Not being able to make it work is not a reflection on you or the person that you are. Hell, even if it is, there is ALWAYS time to grow, change, and do better the next time around. Ok?

Honestly, I think the real issue most people in their 30s have is the fear of starting over. Being with the same person for an extended period of time means fitting them into your life. You have an apartment together. You know their friends and family. You show up at events together. You talk about them with your co-workers. Your social media is filled with memories and pictures. The prospect of moving on and clearing out all of that history is daunting.

How do you even begin to let go? While I don’t have all the answers, here are a few quick tips to get you started:

Find Something to Focus on

Get a job, throw yourself into a hobby, work toward a goal you set for yourself this year, volunteer, get creative, etc…

Being present when you’re going though a breakup can be helpful and important, but the first few weeks can be really difficult and emotionally draining for some. It’s okay to distract yourself from having to think about your former partner.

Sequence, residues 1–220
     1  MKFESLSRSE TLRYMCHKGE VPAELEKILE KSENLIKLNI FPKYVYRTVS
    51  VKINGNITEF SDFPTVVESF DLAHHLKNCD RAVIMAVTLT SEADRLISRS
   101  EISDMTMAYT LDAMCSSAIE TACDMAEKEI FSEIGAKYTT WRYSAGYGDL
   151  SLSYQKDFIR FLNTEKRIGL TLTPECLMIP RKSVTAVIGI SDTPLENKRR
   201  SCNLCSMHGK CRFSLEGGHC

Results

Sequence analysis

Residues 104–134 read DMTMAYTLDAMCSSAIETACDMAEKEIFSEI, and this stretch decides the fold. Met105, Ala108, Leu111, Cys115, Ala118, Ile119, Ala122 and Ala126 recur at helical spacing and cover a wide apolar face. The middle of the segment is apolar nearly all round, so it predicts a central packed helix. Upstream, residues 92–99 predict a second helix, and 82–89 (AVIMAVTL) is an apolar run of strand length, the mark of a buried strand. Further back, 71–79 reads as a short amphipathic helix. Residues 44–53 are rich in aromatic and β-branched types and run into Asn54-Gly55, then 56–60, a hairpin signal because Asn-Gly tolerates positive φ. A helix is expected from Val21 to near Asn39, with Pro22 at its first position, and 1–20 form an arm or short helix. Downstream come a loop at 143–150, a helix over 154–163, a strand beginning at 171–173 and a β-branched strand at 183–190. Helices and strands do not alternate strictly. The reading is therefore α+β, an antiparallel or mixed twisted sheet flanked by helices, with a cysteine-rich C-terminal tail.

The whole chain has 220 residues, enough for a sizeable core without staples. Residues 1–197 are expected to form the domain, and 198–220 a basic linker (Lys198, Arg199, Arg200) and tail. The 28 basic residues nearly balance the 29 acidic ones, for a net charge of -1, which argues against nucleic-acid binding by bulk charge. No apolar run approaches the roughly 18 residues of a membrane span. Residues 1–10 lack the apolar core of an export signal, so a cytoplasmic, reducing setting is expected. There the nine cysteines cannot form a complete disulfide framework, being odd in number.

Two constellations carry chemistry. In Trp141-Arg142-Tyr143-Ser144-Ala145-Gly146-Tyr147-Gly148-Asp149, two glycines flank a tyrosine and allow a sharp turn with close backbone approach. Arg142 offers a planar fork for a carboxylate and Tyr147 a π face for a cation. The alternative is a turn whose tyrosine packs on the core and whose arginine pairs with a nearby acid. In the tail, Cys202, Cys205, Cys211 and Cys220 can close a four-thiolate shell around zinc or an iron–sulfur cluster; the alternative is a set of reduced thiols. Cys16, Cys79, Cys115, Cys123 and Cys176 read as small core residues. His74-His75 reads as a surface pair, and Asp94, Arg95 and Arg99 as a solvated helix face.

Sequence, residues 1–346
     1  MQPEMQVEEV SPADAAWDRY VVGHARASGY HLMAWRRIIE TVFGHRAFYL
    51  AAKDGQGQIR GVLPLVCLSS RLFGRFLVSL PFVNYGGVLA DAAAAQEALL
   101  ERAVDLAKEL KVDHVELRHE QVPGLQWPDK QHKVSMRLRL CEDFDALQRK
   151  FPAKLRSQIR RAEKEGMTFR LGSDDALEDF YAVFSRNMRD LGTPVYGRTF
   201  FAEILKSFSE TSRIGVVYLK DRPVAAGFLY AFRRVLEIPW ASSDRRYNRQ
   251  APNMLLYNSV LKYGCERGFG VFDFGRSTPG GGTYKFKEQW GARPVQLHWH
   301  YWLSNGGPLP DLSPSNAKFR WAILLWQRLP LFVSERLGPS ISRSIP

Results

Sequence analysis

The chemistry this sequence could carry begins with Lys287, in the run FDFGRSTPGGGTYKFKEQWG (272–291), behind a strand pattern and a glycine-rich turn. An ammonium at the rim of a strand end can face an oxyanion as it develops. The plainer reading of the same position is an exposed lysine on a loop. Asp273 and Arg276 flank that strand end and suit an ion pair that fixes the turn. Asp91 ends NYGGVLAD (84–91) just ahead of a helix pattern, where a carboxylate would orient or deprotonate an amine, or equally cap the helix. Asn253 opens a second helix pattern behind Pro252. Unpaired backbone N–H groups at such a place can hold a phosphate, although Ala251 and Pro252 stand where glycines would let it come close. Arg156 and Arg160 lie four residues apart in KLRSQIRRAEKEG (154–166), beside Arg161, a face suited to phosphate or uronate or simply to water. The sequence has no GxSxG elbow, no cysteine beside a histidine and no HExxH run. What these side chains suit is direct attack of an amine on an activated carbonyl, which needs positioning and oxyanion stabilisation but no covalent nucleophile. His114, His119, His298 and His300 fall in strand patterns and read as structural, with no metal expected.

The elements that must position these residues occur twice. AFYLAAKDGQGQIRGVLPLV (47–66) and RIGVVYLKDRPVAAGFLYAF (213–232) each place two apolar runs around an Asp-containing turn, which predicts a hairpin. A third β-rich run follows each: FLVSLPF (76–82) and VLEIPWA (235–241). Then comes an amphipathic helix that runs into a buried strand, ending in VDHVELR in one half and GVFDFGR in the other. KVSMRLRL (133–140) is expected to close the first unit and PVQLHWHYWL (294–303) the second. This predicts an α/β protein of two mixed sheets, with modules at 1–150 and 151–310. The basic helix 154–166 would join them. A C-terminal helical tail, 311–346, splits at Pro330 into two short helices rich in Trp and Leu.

Rely on Your Close Friends for Support

Find and reconnect with like-minded friends who have been where you are and can empathize with your situation. Make sure these are people you can trust and who are willing to be available to you as long and as often as you need.

You might have moments where you need to call them and cry in the wee hours of the morning. Maybe you can’t get out of bed and need someone to help do some grocery shopping or tidy up your house?

While it’s never okay to abuse the kindness of your support system, having people who are down to really be there for you is key to moving forward in a healthy way.

Have a Budget for “Retail Therapy”

As we get older, many of us have well-paying jobs that allow us some room to spend extra money. A lot of us also have savings accounts or a stash of cash we were building up for the good of our relationship.